Andrew Yang, UBI, and New York City

This year, New York City is going to try and recover from the atrocity that was 2020. It’s going to be a lot harder than people think. Many high-end taxpayers won’t be there.

The go-go economy is gone, gone.

New York has transformed itself into a finance center in the past generation rather than a whole city. Michael Bloomberg’s legacy was upzoning, transforming working-class and struggling neighborhoods into a monoculture of craft beards, precious farmers’ markets, and tweed [I meant “twee” like too cutesy] flannel shirts.

New York became the city dedicated to serving the rentier class whose activities, in the name of the “free market,” led to the near extermination of actual free markets, putting workers and productive businesses under crushing weights. Unearned income became the ideal; Bloomberg used the power of zoning and sweetheart tax abatements to help his friends throw flimsy towers into the sky that nobody could afford except foreign absconders. 

Those who benefited the most from the idea of “New York City” are steadily reacting to the Covid economy by pulling up stakes, putting paid to the notion of “Hey, we are all in this together.” Those moving are also taking the wages, retail, and businesses that pay for New York City’s revenue needs.

That leaves millions of people left behind who don’t have the means or the desire to leave their long-term neighborhoods in the five boroughs. These are the millions that love where they are and have an investment in their city streets, children, and future.

It’s an election year!

Andrew Yang

This year, New York seems to be bypassing the usual and looking earnestly at assertive new voices running for Mayor, City Council, and the New York State Legislature – all in an effort to break the logjam of same-old-same-old.

A new addition to the race is New York native Andrew Yang.  Yang first came to national attention in 2016 during his quixotic run for the Democratic Presidential nomination by proposing a universal basic income (UBI). Yang offered that $1 billion a year should go to New York City’s most at-risk 500,000 people. It certainly seems a nice thing to do.


New York’s candidates in 2021 discuss new ideas and new strategies to return the city to its “All Access” roots. UBI is a welcome addition to the conversation pit. Those influenced by classical economics and reject neoliberalism see danger looming in this altruistic idea.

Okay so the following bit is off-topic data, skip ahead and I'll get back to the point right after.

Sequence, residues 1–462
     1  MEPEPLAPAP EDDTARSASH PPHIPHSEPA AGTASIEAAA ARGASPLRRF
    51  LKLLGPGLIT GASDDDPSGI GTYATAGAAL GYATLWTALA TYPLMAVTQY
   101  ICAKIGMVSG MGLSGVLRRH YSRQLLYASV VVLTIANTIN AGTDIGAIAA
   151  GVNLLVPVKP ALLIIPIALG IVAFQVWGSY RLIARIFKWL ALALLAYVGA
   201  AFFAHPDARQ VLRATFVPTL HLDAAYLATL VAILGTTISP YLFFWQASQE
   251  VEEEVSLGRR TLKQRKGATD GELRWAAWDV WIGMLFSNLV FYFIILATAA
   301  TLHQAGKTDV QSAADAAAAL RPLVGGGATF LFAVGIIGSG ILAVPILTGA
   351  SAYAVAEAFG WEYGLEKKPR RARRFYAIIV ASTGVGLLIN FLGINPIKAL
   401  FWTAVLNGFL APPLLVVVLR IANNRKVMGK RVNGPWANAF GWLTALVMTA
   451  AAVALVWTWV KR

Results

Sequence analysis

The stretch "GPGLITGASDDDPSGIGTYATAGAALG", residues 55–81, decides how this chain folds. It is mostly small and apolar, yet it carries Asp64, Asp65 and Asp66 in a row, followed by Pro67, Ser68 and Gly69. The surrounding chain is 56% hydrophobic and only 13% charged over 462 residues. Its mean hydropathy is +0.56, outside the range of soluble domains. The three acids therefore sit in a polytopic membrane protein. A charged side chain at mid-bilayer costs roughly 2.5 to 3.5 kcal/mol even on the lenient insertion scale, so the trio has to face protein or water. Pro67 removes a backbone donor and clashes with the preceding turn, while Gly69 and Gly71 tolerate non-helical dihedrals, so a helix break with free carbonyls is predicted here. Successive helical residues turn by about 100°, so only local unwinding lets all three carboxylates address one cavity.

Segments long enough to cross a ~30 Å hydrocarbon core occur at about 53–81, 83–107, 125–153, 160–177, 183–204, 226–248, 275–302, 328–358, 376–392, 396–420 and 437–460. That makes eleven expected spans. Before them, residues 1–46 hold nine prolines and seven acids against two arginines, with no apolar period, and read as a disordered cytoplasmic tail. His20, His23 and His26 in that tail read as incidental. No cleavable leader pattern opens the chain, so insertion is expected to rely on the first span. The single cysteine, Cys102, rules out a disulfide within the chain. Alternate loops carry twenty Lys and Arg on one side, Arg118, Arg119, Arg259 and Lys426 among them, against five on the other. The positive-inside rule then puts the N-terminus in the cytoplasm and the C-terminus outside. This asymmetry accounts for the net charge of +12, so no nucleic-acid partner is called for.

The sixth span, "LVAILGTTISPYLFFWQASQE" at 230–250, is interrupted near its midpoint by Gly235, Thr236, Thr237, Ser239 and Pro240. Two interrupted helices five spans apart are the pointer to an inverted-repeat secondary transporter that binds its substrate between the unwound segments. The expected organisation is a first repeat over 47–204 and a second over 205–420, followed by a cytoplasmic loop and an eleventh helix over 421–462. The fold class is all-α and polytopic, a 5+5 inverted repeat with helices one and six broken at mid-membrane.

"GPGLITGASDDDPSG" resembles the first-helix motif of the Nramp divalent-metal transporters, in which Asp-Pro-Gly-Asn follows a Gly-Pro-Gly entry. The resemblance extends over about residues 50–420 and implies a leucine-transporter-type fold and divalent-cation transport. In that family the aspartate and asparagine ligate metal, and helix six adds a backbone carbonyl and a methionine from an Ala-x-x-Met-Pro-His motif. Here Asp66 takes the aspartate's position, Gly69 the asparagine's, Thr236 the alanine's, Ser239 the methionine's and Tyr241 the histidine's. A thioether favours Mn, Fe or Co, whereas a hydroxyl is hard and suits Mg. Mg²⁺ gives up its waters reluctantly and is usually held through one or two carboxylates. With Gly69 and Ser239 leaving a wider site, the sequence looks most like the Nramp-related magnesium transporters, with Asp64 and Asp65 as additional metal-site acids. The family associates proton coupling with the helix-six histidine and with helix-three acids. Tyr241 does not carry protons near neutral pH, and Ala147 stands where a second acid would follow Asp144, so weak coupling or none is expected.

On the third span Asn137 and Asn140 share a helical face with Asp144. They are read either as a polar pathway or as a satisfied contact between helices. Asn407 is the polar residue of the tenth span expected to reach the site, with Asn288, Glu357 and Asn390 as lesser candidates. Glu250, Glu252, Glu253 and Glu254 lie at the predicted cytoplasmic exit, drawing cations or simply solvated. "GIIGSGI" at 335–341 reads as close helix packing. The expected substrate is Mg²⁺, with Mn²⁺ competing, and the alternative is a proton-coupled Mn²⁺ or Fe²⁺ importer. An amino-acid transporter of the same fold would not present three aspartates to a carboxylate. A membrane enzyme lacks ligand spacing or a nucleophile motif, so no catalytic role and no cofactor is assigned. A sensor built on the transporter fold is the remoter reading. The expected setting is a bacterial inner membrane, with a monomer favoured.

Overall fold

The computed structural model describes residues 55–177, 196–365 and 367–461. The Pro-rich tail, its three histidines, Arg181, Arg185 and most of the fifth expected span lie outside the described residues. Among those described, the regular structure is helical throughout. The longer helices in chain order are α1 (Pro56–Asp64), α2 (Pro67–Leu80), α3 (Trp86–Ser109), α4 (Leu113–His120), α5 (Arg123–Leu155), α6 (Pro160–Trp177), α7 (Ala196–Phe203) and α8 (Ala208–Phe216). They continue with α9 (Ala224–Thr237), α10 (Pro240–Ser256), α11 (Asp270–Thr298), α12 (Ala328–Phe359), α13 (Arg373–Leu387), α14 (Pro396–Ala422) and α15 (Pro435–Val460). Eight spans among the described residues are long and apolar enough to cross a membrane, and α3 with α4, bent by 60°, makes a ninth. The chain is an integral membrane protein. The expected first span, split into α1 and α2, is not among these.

Question: What will landowners and landlords do when defenseless tenants get this pot of cash meant to help the struggling?

Answer: They will take it in the form of higher rents.

An anti-UBI piece  from  the reliably center-right City Journal notes

“Landlords of housed recipients of basic income will feel free to raise rents a proportionate amount, meaning that the program will be something of a wash for those tenants and would actually make life harder for households not getting basic income.”

Well, yeah. New Yorkers generally don’t have to deal with kindhearted landlords working in a slim margin environment. Instead, they are confronted by landlords snagging every pretty penny.

What to do?

A person’s UBI disappearing into someone else’s pockets is a real and often realized risk. On the revenue side, UBI proponents see only sunshine. We will get the money for UBI from other taxes, charitable not-for-profit foundations, and donations. Every one of those sources can be transitory or will distort the working economy.  

The most direct cause and effect way to ensure that those who get the UBI keep it is to short-stop the landlords at the get go: collect the economic rent of land directly from them. This means that UBI surplus goes into the community’s hands.

Even in New York City, during Covid, rents have started to fall, particularly in Manhattan. Ironically, the cheaper boroughs can still command high rents. Indeed, the only way to make UBI a benefit is to strip the unearned benefits from the lords of the land.